11 Total Multi-Year Capital Improvement Plan Project CategoriesPrior FY13-19 Projected Expenditures FY20-27 Projected ExpendituresTotal Water Plants$76,089,575$915,392,370$626,305,799$1,617,787,744 Pipelines$98,073,090$558,733,216$1,602,148,654$2,258,954,960 Other$17,968,077$93,140,625$87,329,350$198,438,052 Total$192,130,741$1,567,266,211$2,315,783,803$4,075,180,755 Wastewater Plants$161,994,872$1,104,364,497$3,781,910,738$5,048,270,107 Pipelines$105,842,002$1,053,314,491$977,998,774$2,137,155,267 Pump Stations$24,208,487$793,872,137$293,946,970$1,112,027,594 Other$5,884,403$118,016,032$138,687,484$262,587,919 Total$297,929,765$3,069,567,157$5,192,543,966$8,560,040,888 Combined Total$490,060,506$4,636,833,368$7,508,327,769$12,635,221,643

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13 Differentiating Delivery Methods Traditional DBB Traditional DBB DesignConstructionOperations Design Construction Operations DBO DBOF DBOOF DBO DBOF DBOOF

14 WASD Initiatives Alternative Project Delivery (APD) Methods Design Build Progressive Design Build IPD method MGC CMNAR CMAR Owner’s Representative P3 Alternative Project Delivery (APD) Methods Design Build Operate (DBO) Design Build Operate & Maintain (DBOM) Design Build Finance Operate & Maintain (DBFOM) We are NOT contemplating any form of ownership transfers.

15 Expression Of Interest 32 Respondents Areas of Interest: –WWTP –WTP –PS –Bio-solids –AMR –Energy Optimization Type of delivery proposed: DBFOM, DBOM, DBO, PDBO, etc.

16 APD by States (W/WW)

17 Utility Operator Utility Customers Service Responsive to Policies Charges Customer Utility Policy Participants Under Design-Bid-Build Policy Makers/ Stakeholders Design Engineer Fully Detailed Design Design Fee Constructor Project Construction Low Bid Construction Fee DSDC Construction Inspection *DSDC: Design Services During Construction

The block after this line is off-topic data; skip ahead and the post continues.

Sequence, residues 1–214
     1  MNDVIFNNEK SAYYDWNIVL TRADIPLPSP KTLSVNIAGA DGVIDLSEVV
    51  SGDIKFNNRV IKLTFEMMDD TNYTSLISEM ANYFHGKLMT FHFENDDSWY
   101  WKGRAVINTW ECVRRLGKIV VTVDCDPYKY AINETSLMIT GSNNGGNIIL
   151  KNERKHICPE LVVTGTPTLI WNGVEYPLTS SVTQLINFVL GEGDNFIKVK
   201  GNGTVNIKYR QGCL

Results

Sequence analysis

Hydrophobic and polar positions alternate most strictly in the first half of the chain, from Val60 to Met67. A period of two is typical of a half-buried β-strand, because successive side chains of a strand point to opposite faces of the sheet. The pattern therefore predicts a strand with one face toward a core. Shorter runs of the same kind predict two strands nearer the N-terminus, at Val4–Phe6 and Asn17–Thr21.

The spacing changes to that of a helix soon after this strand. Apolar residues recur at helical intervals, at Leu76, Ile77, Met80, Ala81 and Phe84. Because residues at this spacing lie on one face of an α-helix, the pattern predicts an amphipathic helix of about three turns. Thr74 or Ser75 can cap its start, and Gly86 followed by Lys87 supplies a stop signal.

18 Utility Participants Under CM-at-Risk Customers Charges Utility Operator Responsive to Policies Customer Utility Service Policy Makers/ Stakeholders Policy Owner’s Agent Fee Procurement Services CM-at-Risk Subcontractors (CM subs most or all construction) Fee up to GMP* Project Construction Design Engineer Fee Fully Detailed Design $ Guarantee *GMP: Guaranteed Maximum Price Input During Design DSDC Construction Inspection

19 Policy Makers/ Stakeholders Utility Operator Participants Under Design-Build Responsive to Policies Charges Customer Utility Service Customers DB Contractor Design & Construction Design/Build Fee Owner’s Agent Fee Procurement Services/ Contract Oversight Guarantor* Guaranty Agreement * Guarantor may not be required if DB Contractor has adequate financial strength. DSDC Construction Inspection Policy

20 Participants Under Design-Build-Operate

21 Classic International P3 Arrangement Project Developer Financier(s) Public Sector Sponsor Contractor(s) Milestone Payments User Fee Payments Financial Investment Interest or Returns P3 Agreement Construction Contracts The Public Maintain Public Control Public sector holds ultimate ownership of asset, regardless if it is newly constructed or existing prior to lease Maintain Public Control Public sector holds ultimate ownership of asset, regardless if it is newly constructed or existing prior to lease Deliver Much-Needed Assets Public sponsors can leverage APD to deliver assets in a tight budget environment Deliver Much-Needed Assets Public sponsors can leverage APD to deliver assets in a tight budget environment Drive Value Creation APD projects must provide public value creation and satisfy numerous project, government, and general public requirements Drive Value Creation APD projects must provide public value creation and satisfy numerous project, government, and general public requirements Key Considerations